Ahead of their Champions League Round of 16 encounter, can Borussia Dortmund put their indifferent domestic form behind them and escape freezing St. Petersburg or will Zenit heap more problems on the Black and Yellows?
At this time last year, Dortmund had already left a significant mark on Europe. The then Bundesliga Champions had breezed through a tough group – finishing ahead of Real Madrid in the process – and would eventually finish as runners-up to their domestic rivals Bayern Munich. A year on and the picture isn’t as rosy as Dortmund’s erratic form would put the Indian monsoon to shame. Although much better in Europe, manager Jurgen Klopp has had to dig deep into his resources to extradite his team from what was this season’s Group of Death.
Dortmund’s manic Geggenpressing has finally taken its toll by leaving a side decimated by injuries. A mounting casualty list includes defensive lynchpin Nevan Subotic – ruled out for the rest of the season – while midfielders Ilkay Gundogan, Jakub Błaszczykowski and Sven Bender face lengthy layoffs and definitely won’t be taking part in the tie against the Russians.
Despite his resources being severely stretched, Klopp welcomed back Marco Reus on the weekend and will hope that defender Mats Hummels’ heel has recovered sufficiently from a heel injury. In his pre-match conference, the German chose to concentrate on his opponents rather than his team’s predicaments.
Klopp said: “We’ve watched all Zenit’s games, including those at their training camp in Israel and in the group stage, particularly against Atlético Madrid and Porto. Ourselves and Zenit were in difficult groups – I would consider Atlético to be a dark horse for the Champions League.”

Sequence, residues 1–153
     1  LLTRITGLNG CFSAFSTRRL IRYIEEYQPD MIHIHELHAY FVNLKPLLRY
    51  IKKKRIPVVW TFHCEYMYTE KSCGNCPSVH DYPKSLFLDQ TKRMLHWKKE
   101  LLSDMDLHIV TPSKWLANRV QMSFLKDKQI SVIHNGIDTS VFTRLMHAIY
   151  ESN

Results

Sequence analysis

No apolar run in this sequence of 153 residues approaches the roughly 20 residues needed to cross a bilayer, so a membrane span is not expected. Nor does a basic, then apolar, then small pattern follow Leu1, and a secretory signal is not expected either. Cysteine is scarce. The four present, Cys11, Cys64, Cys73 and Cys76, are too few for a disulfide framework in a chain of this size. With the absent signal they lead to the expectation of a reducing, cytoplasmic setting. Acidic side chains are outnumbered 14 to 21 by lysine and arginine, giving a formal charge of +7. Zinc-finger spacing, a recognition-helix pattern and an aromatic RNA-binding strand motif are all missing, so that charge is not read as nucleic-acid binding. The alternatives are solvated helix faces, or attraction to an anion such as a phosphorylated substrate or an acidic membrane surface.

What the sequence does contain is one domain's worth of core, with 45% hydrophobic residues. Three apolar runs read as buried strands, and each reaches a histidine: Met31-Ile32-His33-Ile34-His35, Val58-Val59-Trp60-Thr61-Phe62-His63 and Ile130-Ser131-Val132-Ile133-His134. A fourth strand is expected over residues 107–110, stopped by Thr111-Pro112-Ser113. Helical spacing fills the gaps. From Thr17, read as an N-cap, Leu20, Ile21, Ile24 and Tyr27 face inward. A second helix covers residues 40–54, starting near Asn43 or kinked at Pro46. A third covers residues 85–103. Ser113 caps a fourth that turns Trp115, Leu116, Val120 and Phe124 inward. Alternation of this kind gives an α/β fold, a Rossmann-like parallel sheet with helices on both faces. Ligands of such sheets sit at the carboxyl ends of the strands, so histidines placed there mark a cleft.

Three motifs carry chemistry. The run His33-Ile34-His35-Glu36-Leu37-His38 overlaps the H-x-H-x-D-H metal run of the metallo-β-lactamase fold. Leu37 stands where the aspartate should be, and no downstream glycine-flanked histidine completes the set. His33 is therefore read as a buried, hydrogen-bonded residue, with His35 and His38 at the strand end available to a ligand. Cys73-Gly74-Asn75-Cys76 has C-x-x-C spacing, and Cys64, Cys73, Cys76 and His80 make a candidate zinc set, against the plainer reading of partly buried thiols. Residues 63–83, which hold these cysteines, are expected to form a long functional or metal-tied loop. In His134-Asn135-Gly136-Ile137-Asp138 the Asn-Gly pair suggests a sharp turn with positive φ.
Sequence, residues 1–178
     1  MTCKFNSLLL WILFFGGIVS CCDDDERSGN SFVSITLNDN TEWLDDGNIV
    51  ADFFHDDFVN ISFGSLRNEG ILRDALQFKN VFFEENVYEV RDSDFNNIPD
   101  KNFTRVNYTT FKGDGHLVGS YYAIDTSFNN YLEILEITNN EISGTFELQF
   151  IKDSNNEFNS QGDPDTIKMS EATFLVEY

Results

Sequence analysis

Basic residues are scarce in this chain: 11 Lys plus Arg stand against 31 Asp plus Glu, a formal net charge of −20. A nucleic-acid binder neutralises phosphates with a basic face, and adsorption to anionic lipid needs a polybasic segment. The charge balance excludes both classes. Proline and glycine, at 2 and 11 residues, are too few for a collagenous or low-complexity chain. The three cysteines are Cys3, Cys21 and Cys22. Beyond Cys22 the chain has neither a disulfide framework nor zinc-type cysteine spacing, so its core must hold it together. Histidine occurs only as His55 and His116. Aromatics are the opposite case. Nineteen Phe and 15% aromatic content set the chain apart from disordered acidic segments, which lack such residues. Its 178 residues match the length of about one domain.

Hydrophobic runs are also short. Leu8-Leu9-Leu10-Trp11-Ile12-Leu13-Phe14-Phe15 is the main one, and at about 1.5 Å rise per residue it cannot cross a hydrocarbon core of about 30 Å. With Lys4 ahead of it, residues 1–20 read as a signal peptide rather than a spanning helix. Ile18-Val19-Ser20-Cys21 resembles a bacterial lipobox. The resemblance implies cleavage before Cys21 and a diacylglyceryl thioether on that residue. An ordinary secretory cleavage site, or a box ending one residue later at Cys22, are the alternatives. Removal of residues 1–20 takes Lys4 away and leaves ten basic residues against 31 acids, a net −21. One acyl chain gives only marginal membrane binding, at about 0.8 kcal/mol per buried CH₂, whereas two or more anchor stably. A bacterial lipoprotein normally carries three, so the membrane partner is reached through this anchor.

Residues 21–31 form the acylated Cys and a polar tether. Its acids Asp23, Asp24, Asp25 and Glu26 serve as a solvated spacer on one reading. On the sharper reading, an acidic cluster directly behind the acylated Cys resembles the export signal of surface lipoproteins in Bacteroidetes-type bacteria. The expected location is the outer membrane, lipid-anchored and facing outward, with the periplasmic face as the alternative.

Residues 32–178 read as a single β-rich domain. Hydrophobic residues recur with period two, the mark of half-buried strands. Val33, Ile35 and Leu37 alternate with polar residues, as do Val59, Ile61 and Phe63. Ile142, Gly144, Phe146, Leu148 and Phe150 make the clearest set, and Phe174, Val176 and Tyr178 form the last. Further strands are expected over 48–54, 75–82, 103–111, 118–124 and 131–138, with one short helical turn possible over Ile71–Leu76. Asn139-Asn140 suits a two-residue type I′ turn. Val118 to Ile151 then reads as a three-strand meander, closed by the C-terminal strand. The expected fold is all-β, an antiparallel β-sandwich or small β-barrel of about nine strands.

He went on to add: “It is not important which country has the strongest league. Maybe it’s Spain, England or Germany, so second place is quite an honour. As for Russian football, it is progressing and Zenit are in the quarter-finals for the second time.”
Despite the German club being in a prime position to be picked off, Zenit come into the tie having not played competitive football since December. Unlike other leagues, the Russian league is played from March to November meaning any Russian side that qualify for the knockout stages of the Champions League face the unenviable task of keeping players fit and match sharp during the break. Zenit’s winter friendlies have already taken a toll on some of their key players as right back Chrsitian Ansaldi and playmaker Danny were injured against BATE Borisov and in all probability miss Tuesday’s match. Russian midfielder Roman Shirikov will also be out due to a hell injury.
One of the key factors in deciding the tie in the Russian’s favour will come down to how well Hulk and Axel Witsel play. The Brazilian will play out on the right and will use every opportunity to cut inside and use his lethal left foot while Witsel’s task will be to protect the backline especially against Dortmund’s quick counter-attacks. The Russian side will also look to expose Dortmund’s lack of options in central midfield as Sven Bender’s injury on the weekend robbed Klopp of a steely presence. Bender’s replacement will most likely be Sebastian Kehl but at 34, the German is hardly a force to be reckoned with and will rely on experience rather than legs to get by in difficult conditions.
In the pre-match press-conference, Zenit boss Luciano Spaletti highlighted what an amazing opportunity lies ahead for the Russian side.
The Italian said : “The Zenit management are very ambitious people. They set high goals and we strive to meet them. I’ve told my players we have a rare opportunity to not just write a chapter in our history, but to put the title on the cover story of Zenit.”